This Black Maternal Health Week (#BMHW20) we want to sound the alarm and raise awareness to the disparities in black maternal health and share what Alameda Health System (AHS) is doing to help address these disparities in maternal health.
The black community is facing a health crisis that isn’t gaining enough attention.
Black people in the United States are experiencing alarmingly high rates of birth complications. African-American women, regardless of income or lifestyle, are dying from preventable pregnancy-related complications at three to four times the rate of non-Hispanic white women and Black babies are significantly more likely to be born too small or too soon, and not survive their first year of life. These are heartbreaking statistics that require our urgent attention.
BMHW takes place every April 11 -17th and was founded and led by the Black Mamas Matter Alliance to amplify the voices of black mothers and bring awareness to the plight of black maternal health and mortality.
“It’s an unconscionable crisis. Every day black mothers and babies experience preventable morbidity and mortality due to racism-based disparities. We know that race isn’t biologically real. It’s a socially constructed label. So we know that these higher rates of complications aren’t due to Black people’s genetics. They are the result of racism,” said Jyesha Wren, Certified Nurse Midwife at Highland Hospital.
According to Wren, the evidence is clear that racism within and across all levels of society, not race, is the root cause of these disparities in birth outcomes. Both structural racism as well as implicit bias and discrimination in the healthcare setting put Black birthing people at increased risk for complications.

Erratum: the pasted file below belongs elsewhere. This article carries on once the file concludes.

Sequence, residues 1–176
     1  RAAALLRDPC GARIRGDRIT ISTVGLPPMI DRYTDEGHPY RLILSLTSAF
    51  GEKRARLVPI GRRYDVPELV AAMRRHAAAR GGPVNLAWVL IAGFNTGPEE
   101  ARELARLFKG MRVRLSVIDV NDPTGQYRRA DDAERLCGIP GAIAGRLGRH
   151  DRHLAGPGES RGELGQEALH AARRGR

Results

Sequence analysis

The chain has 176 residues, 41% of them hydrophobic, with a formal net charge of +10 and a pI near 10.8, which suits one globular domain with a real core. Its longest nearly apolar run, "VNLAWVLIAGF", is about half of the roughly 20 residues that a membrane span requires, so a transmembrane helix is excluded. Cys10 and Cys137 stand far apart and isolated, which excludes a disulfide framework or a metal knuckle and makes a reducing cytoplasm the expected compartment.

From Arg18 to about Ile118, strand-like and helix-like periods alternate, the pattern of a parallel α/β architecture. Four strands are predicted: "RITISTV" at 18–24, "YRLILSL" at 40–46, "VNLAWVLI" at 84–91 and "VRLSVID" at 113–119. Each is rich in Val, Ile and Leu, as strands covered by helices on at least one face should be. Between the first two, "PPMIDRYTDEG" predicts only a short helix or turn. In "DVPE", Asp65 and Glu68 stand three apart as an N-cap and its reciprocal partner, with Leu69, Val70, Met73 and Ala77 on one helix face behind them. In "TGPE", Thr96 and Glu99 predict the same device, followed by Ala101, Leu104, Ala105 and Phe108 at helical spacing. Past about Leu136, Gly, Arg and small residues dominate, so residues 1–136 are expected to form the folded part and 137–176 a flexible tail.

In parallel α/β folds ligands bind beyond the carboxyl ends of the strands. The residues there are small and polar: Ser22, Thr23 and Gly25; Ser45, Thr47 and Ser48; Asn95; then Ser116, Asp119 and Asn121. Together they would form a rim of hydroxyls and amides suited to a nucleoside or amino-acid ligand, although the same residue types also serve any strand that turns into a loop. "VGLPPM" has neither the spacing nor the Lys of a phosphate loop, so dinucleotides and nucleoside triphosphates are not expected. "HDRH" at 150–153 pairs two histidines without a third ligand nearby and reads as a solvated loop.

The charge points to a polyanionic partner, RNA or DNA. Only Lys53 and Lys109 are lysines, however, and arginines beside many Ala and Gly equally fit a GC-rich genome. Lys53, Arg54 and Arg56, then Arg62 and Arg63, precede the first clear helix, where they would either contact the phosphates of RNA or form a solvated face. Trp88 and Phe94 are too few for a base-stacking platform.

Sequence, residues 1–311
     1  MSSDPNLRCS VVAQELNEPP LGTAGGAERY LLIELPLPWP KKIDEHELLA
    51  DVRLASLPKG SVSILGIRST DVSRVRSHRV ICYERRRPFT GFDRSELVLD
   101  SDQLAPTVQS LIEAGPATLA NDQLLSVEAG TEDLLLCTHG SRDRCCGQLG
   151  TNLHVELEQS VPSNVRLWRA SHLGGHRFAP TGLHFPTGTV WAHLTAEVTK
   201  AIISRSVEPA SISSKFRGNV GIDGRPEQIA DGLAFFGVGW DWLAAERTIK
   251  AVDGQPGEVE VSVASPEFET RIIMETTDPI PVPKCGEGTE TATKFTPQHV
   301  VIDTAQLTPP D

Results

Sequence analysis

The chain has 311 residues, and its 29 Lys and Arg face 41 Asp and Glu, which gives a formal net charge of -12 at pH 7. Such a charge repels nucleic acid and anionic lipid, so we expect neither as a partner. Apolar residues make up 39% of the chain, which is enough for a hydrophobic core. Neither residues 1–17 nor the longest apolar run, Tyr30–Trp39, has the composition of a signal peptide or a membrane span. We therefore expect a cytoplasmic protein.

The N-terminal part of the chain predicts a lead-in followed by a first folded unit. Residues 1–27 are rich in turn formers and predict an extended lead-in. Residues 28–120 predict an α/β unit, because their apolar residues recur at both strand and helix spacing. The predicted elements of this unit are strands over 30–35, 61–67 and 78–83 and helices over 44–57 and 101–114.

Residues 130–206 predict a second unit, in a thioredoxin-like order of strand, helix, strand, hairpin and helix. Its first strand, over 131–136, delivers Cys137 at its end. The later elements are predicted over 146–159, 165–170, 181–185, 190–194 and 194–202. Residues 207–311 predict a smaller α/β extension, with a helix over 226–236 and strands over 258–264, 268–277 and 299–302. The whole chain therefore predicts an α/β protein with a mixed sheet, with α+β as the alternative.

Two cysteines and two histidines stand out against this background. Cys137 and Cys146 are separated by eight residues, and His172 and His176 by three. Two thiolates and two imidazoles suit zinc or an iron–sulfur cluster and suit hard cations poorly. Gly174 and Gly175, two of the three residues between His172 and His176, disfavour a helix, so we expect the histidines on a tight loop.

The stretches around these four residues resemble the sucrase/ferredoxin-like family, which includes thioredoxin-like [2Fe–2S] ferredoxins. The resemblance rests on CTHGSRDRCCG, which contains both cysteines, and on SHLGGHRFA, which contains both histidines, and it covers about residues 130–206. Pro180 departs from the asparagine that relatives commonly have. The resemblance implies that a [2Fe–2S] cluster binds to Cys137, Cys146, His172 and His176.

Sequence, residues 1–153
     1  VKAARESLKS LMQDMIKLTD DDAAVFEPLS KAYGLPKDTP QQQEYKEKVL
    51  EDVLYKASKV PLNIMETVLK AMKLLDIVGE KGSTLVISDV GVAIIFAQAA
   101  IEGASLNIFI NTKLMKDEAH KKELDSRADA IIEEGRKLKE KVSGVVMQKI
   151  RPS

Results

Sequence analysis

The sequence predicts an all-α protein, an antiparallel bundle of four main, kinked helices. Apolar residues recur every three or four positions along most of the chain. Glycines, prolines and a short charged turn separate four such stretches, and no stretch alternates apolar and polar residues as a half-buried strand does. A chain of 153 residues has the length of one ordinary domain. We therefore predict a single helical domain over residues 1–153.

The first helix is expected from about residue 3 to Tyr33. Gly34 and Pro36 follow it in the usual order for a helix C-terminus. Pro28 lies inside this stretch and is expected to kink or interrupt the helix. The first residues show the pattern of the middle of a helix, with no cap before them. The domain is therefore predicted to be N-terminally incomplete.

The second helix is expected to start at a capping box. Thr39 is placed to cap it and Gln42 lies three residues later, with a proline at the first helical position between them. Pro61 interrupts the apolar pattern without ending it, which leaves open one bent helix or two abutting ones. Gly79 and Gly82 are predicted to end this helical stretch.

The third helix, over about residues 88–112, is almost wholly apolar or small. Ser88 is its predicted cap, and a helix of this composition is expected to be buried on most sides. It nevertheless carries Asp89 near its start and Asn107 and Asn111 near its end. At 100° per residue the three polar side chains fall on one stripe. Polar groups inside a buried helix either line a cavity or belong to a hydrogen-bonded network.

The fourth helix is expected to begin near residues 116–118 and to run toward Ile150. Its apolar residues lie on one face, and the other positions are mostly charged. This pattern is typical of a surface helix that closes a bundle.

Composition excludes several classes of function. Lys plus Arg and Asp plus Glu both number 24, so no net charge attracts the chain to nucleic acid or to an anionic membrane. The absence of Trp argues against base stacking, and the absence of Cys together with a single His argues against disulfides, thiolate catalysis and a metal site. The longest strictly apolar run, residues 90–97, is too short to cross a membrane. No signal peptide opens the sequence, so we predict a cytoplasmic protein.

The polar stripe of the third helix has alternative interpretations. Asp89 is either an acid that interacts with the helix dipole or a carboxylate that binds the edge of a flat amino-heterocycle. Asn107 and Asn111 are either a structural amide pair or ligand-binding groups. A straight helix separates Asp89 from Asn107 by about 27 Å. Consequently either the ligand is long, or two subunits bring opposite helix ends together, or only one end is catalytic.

According to Dr. Kevin Smith, Chairman of the Department of Obstetrics and Gynecology, AHS’ African-American patients in East Oakland are especially at risk for poorer health status related to the social determinants of health as they live in an area that is considered a “Materno-toxic zone”.
“Materno-toxic zones are areas where socio-environmental factors make it unsafe to be pregnant or parenting. Regrettably, many of our African-American patients in East Oakland are struggling with issues of food insecurity, income and housing instability, lack of or underemployment, under-resourced schools, stress and depression, fragile family structures, and exposure to violence in their neighborhoods and homes. We know all these factors lead to poorer health outcomes,” said Smith.
Smith said AHS is addressing disparities in Black maternal health through their new CenteringPregnancy Program called BElovedBIRTH Black Centering: Group Perinatal Care by, for, and with Black People. This program will provide holistic, culturally attuned and racially concordant group care to Black birthing people in Alameda County. The Centering model of care groups 8-12 women with similar due dates who meet for two-hour group visits throughout their pregnancy and into the early postpartum period. According to Smith, the group approach leads to better clinical outcomes and participants receive significantly more time with health care providers. In the fall, AHS plans to launch BElovedBIRTH Black Centering at its Eastmont Wellness clinic.
“If everything goes well with COVID-19 we can anticipate launching the Black Centering program in the fall. The literature tells us that racial and cultural concordance between patients and providers is associated with improved access to care, higher quality of care, and better communication during visits. Black Centering offers us hope and we are excited to be able to introduce it at AHS,” said Smith.
During BMHW there are several events and forums to attend. Wren will be participating in the Black Families Navigating Birth During COVID-19 taking place April 17, from 1:30 p.m. to 3:30 p.m. The panel discussion includes frontline midwives, doulas, and nurses weighing in on the current conditions surrounding birthing in the midst of this pandemic. Pre-registration is required.